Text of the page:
Groups Ask Parents to Promote FTC Kids Online Privacy ProposalsLaunch petition drive at Change.org 10/15/2012 01:50:02 PM Eastern
The Center for Digital Democracy and Commonsense Media have
launched an online
petition drive to get parents to push the Federal Trade Commission to stay
the course on its proposed changes to the Children's Online Privacy Protection
Act enforcement regime.
They say the only way to compete with media lobbyists
working to weaken the privacy laws is to enlist parents in the effort.
"The Federal Trade Commission has proposed rule changes
that will update the law and keep parents in control even in this new digital
era of social media networks, mobile apps, gaming sites and tracking that goes
on while kids are web browsing," the petition says. "There is already
mounting industry opposition to these rule changes which will provide parents
with another tool to stay in control. Parents must make their voices
heard so that the FTC knows that we support these important rule changes that
keep parents in charge."
There were 353 signatures at presstime.
The Federal Trade Commission has recommended that ad
networks be subject to the Children's Online Privacy Protection Act when they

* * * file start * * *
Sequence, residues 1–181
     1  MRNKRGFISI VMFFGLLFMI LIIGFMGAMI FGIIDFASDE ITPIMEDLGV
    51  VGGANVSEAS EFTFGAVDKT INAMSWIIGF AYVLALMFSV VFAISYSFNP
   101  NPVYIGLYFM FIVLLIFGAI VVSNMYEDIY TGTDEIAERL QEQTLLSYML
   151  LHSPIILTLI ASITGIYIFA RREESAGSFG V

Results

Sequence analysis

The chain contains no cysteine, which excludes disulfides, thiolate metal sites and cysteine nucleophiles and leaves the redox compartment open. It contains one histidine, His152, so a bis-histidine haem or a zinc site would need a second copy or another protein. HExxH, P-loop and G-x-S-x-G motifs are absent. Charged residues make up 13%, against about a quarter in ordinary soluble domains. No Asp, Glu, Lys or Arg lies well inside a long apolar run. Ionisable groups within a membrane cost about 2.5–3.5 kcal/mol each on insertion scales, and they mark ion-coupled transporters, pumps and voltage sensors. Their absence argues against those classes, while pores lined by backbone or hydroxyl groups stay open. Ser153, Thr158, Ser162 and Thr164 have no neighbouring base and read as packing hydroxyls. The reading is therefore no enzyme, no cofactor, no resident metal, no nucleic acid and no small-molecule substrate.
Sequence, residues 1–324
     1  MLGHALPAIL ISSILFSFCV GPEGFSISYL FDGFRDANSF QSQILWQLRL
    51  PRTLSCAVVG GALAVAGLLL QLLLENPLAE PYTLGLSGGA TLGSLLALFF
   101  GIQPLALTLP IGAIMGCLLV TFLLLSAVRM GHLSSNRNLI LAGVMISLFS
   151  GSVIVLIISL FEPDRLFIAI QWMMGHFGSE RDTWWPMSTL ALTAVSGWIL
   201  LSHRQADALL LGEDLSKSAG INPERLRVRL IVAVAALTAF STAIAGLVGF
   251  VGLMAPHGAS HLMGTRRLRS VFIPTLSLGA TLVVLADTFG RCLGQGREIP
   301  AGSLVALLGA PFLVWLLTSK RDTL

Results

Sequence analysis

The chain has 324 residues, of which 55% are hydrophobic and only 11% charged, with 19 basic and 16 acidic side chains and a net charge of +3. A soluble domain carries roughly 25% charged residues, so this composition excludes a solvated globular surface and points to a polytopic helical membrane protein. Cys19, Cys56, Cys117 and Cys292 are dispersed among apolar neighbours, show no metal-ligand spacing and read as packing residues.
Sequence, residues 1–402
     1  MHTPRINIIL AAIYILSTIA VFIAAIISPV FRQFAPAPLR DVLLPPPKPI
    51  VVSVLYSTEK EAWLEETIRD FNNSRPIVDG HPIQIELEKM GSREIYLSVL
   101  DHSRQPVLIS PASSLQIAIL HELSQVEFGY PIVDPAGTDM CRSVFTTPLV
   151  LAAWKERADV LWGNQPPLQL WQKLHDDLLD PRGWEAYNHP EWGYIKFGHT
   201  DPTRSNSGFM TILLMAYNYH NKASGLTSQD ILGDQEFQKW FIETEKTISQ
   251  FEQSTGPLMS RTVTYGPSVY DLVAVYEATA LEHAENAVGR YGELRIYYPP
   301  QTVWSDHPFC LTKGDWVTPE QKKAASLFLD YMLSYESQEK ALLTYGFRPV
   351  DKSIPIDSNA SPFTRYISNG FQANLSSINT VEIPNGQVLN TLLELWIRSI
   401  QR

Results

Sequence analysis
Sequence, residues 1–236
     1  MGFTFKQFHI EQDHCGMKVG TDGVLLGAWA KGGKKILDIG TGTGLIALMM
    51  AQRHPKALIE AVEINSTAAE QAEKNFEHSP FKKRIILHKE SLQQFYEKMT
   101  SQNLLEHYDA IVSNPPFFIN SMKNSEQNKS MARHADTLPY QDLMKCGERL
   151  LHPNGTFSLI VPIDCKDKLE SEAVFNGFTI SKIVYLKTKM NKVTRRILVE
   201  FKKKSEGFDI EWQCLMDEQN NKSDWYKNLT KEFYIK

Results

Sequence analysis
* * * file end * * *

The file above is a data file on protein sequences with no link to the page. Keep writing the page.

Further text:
are collecting personal information through a child-directed website. Proposed
revisions in the definitions of "operator" and "website"
directed to children will clarify their application to third parties, including
ad networks and plugins that collect personal info through child-directed sites
The definition of "website" would also be modified
to: "Clarify that a plugin or ad network is covered by the Rule when it
knows or has reason to know that it is collecting personal information through
a child-directed website or online service."
The FTC put those changes out for comment in July and got
an earful, including from cable and wireless operators saying there could
be unintended consequences to the changes as proposed, including putting a
crimp in TV Everywhere online delivery of kids' content.
In a joint filing, the National Cable and Telecommunications
Association and Motion Picture Association of America said the current rules
already strike the right balance and that some of the new changes "would
significantly extend the reach and the burdens of the COPPA regulatory
regime" without a corresponding benefit and, in fact, with a corresponding
adverse impact on the quality and viability of age-appropriate children's